One of the most common questions we as auditors get is “why should I get you to audit my superannuation fund?”
Initially we respond we respond with that we are trained professionals who are registered with ASIC and have broad knowledge when it comes to the administration and operating a fund. We are required to constantly undertake further education to ensure we are up to date with the current legislation. Secondly, we are often prepared to provide advice to trustees on issues they have when it comes to operating their fund.
Do you know what is involved when it comes to winding up your self managed superannuation fund?
The ATO advise that there are four steps to ne completed when it comes to winding up a SMSF.
The starting point is straight forward, you must notify the Australian Taxation Office within 28 days. The notice needs to be in writing, including SMSF name, ABN and contact details and the date the fund is to be wound up. When it comes to dealing with the members’ benefits it is not so straight forward. Members need to refer to the trust deed and superannuation law to comply. Consider, a fund may only be wound up if it has no members or if all members agree in writing to its winding up, or when superannuation law requires the fund to be wound up. Documentation of the process is critical.
What are the main reasons for winding up a fund?
- All members and trustees have left the fund.
- All benefits have been paid out.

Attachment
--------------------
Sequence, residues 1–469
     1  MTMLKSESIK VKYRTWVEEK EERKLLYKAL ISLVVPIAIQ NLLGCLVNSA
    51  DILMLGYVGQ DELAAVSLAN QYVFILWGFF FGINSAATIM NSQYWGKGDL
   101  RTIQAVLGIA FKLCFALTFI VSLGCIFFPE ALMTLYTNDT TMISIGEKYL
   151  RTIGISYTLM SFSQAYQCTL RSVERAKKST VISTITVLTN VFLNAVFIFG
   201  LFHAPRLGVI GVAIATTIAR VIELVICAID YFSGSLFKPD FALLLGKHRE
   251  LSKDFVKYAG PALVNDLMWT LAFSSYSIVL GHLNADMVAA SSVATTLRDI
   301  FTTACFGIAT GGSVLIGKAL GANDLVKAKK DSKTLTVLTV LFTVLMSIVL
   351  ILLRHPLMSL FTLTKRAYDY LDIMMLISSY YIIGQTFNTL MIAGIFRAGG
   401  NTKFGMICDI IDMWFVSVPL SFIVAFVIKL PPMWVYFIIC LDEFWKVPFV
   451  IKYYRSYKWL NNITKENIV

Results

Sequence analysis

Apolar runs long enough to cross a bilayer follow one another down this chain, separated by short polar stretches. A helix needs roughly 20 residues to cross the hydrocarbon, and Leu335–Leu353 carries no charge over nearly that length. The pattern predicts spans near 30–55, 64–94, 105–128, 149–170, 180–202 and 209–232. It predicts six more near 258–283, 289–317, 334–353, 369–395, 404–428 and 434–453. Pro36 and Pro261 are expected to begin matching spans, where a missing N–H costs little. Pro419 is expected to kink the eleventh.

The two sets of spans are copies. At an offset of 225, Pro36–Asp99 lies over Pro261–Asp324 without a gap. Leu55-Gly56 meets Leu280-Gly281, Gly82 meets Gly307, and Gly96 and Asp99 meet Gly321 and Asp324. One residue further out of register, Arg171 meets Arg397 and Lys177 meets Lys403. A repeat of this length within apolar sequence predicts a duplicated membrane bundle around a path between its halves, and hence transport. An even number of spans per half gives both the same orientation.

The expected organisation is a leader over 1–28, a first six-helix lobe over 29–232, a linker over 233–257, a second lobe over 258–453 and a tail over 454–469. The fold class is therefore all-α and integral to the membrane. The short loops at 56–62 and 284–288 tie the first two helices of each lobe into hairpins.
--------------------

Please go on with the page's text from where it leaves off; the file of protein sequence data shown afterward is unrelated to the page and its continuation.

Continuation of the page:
- The fund may o longer meet the definition of an “Australian Superannuation Fund” because the trustees have moved overseas permanently or
- Members have decided that it is not in their best interests to use the SMSF structure as their retirement savings vehicle.
Trustees responsibility prior to winding up, is to dispose of investments in order to pay member benefits. These sales may result in a capital gains tax liability that must be paid before the trustee can set about distributing funds to members. They also need to close the income account and reserve account and transfer the balance to members accounts as prescribed in SIS law. There must be no assets remaining in the fund when it is wound up. All expenses and taxes must also be paid as part of the winding up process. This includes fees to accountants, auditors. The fund’s last income tax and regulatory returns will need to be lodged. This includes ensuring the fund completes a final financial and compliance audit.
In some cases, benefits will be able to be distributed directly to fund members, providing they meet a condition of release. If that is not the case, a members account balance will need to be rolled over into another complying fund.
Where the fund is being wound up because the last remaining member has passed away, the trustee must comply with the wishes of the member’s binding death nomination (if there is one). Otherwise they can distribute the benefits as they believe equitable.
So in response to your question, why should I get you to audit my superannuation fund? We have experience when it comes to the winding up of a fund and day to day administration.
DISCLAIMER: The above is general advice only, you should not act on this advice without consulting a professional adviser to discuss your personal circumstances.